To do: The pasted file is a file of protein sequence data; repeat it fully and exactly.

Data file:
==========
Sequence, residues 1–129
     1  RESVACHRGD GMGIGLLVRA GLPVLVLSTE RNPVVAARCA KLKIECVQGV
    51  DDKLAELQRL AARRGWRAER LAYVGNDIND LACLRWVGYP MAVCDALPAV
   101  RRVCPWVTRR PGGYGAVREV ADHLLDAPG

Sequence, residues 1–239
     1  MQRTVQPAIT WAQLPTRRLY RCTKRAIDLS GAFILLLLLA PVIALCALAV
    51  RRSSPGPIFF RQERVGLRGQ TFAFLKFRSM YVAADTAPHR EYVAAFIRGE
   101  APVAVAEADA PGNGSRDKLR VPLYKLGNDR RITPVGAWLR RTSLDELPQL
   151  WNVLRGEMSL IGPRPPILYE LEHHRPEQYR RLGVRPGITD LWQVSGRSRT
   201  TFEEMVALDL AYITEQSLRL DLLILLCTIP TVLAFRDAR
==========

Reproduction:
Sequence, residues 1–129
     1  RESVACHRGD GMGIGLLVRA GLPVLVLSTE RNPVVAARCA KLKIECVQGV
    51  DDKLAELQRL AARRGWRAER LAYVGNDIND LACLRWVGYP MAVCDALPAV
   101  RRVCPWVTRR PGGYGAVREV ADHLLDAPG

Sequence, residues 1–239
     1  MQRTVQPAIT WAQLPTRRLY RCTKRAIDLS GAFILLLLLA PVIALCALAV
    51  RRSSPGPIFF RQERVGLRGQ TFAFLKFRSM YVAADTAPHR EYVAAFIRGE
   101  APVAVAEADA PGNGSRDKLR VPLYKLGNDR RITPVGAWLR RTSLDELPQL
   151  WNVLRGEMSL IGPRPPILYE LEHHRPEQYR RLGVRPGITD LWQVSGRSRT
   201  TFEEMVALDL AYITEQSLRL DLLILLCTIP TVLAFRDAR